General view of the Ganesha Ratha, Mamallapuram 10032228
Photographer: Rea, Alexander
Medium: Photographic print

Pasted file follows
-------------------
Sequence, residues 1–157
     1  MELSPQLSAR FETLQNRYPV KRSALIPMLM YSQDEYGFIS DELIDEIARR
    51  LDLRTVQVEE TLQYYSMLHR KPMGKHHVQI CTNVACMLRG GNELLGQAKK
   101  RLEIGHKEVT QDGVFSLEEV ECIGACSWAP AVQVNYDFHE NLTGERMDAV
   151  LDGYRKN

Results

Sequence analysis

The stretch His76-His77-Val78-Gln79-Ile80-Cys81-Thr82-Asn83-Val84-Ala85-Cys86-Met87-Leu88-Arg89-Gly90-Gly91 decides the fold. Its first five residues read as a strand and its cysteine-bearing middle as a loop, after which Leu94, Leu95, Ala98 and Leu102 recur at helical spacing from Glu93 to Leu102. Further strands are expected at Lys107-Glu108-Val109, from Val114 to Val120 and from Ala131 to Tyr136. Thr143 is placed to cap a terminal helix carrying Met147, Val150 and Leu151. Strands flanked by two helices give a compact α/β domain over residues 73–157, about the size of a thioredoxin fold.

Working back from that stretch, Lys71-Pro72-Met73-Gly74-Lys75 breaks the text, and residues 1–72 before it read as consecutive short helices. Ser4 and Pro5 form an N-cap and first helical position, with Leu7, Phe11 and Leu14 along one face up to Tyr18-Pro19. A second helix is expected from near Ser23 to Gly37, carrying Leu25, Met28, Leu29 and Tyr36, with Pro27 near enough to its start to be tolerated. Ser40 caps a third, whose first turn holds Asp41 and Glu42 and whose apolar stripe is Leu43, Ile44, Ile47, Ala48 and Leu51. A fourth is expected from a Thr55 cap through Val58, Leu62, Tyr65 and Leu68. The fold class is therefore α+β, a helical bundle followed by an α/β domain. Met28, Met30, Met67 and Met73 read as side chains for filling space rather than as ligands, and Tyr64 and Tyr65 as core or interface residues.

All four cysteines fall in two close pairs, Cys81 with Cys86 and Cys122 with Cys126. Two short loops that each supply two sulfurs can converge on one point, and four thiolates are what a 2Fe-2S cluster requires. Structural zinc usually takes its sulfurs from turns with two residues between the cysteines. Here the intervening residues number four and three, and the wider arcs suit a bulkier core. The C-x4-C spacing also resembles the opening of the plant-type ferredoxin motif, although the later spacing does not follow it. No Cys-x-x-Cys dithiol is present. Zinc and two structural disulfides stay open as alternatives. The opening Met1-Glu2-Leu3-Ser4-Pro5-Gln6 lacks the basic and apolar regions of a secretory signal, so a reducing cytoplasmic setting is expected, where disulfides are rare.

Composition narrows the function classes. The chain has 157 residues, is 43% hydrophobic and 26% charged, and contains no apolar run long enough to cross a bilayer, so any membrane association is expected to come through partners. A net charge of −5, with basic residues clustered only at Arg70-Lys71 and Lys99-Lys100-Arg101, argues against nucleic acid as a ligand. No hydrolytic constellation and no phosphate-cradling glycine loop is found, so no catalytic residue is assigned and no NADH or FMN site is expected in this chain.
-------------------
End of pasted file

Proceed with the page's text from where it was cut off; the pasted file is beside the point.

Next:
Photograph of the Ganesha Ratha at Mamallapuram, Tamil Nadu, from the Archaeological Survey of India Collections taken by Alexander Rea in the 1880s. Mamallapuram, a tiny village south of Madras, was a flourishing port of the Pallava dynasty during the 7th-8th centuries. The site is famous for an early group of monolithic temples, known as the 'Pancha Ratha' and some monolithic sculptures assigned to the 7th century reign of Narasimhavarman Mahamalla (r. c.630-668). The rathas or chariots are monolithic buildings carved out of granite and are so-called as their shape is similar to that of the temple chariots used to take the deities in procession during the temple festivities. They were never completed and could have been used as models for different buildings. The Ganesha Ratha consists of a rectangular sanctuary with a columned verandah with two figures of guardians on either side. The columns with a seated lion at the base are typical of the Pallava style. The upper storey is covered by a large vaulted roof with arched ends and pot and trident finials.